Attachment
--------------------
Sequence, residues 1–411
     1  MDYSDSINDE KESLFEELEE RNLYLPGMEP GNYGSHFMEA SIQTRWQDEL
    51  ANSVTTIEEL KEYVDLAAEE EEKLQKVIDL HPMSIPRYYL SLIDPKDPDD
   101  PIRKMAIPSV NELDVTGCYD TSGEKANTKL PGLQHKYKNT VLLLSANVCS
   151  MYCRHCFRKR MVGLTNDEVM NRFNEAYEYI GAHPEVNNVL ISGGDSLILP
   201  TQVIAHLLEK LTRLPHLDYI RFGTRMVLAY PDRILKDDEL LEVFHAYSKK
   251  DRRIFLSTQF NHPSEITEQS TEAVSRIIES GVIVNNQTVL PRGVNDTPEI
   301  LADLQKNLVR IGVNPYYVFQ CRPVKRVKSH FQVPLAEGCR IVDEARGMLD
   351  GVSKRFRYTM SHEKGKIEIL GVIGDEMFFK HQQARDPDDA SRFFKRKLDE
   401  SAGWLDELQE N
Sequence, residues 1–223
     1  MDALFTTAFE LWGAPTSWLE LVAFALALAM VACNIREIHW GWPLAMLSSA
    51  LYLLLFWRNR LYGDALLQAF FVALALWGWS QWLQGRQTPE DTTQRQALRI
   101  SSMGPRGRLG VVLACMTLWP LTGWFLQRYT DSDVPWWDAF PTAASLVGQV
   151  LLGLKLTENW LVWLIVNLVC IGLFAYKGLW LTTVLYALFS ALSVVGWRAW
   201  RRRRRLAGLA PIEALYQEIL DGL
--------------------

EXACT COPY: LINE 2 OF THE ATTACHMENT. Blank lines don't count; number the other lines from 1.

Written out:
     1  MDYSDSINDE KESLFEELEE RNLYLPGMEP GNYGSHFMEA SIQTRWQDEL